If I live long enough, I will eventually forget my own stories, which is one reason I write them down. The mind's grip on language and meaning is less secure than the body's grip on life. If you doubt that, visit a nursing home, as I have been doing frequently for more than a decade, first to watch my wife's mother perish from Alzheimer's disease, then to watch my wife's father wither away from congestive heart failure, and now to see my own mother sink into a wordless stupor. Their dying has made me an elder, whether I am ready for the role or not. And elders have a duty to tell the younger generations what they have learned from life, whether the lessons be great or small. So I have been moved to write this book as much by the departure of parents as by the arrival of a grandchild. I have been moved to write by an awareness that the mind's acuity, built up over a lifetime, is precarious and fleeting.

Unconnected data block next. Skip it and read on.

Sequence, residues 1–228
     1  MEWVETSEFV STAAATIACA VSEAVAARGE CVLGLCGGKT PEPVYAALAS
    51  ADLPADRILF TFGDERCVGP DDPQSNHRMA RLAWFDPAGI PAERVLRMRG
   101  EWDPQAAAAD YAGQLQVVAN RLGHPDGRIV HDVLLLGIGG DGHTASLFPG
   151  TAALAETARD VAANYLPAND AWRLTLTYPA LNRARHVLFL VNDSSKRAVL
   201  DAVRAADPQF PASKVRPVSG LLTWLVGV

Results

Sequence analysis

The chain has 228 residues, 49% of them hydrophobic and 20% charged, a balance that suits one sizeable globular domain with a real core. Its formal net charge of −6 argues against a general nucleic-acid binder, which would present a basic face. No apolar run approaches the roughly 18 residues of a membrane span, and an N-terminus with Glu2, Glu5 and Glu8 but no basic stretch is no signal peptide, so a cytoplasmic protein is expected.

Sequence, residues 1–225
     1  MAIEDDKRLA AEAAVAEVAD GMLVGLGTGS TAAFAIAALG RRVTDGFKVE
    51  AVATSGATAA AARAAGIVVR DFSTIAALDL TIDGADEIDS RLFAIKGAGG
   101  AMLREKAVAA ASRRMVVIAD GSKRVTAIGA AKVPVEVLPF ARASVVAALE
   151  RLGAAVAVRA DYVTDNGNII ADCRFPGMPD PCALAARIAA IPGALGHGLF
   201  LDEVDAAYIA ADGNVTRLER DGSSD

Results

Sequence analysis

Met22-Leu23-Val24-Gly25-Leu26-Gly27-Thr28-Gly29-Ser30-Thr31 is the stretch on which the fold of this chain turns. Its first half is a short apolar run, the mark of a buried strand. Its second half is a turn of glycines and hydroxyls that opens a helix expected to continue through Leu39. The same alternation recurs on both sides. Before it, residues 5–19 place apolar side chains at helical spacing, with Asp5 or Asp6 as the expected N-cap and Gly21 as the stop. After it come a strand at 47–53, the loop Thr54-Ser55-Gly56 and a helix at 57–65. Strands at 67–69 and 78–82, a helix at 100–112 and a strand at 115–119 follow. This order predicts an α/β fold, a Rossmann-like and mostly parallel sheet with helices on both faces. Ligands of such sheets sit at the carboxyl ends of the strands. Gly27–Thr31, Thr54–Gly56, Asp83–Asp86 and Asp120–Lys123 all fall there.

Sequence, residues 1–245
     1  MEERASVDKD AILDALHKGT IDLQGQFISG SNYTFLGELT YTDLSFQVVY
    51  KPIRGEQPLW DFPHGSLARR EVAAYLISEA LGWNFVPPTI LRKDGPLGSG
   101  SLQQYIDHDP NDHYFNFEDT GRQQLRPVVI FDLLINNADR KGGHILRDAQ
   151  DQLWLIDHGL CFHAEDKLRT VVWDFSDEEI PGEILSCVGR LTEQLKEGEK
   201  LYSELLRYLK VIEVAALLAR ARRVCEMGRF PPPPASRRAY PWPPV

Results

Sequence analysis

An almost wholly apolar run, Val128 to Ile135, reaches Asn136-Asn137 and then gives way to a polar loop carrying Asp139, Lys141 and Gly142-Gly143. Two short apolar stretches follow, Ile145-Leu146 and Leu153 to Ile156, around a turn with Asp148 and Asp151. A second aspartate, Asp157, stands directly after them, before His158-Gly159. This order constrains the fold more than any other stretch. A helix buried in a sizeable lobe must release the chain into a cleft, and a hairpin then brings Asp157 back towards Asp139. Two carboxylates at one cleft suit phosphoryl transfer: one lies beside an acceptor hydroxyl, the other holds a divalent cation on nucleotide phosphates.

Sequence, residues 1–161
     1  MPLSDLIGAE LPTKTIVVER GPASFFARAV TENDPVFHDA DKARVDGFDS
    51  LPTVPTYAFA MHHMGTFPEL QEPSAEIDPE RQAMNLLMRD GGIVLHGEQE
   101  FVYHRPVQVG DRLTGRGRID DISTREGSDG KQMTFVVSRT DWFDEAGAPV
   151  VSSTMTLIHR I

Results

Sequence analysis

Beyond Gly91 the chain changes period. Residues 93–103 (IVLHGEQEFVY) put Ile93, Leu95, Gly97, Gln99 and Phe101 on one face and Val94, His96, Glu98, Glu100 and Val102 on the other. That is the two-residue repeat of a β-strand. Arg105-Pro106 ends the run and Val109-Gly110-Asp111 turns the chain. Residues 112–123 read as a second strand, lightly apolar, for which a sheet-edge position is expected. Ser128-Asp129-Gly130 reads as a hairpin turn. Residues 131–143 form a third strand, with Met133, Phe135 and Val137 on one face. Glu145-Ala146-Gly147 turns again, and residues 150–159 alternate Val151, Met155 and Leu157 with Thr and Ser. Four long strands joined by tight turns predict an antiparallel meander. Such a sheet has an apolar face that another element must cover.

Scott Russell Sanders, A Private History of Awe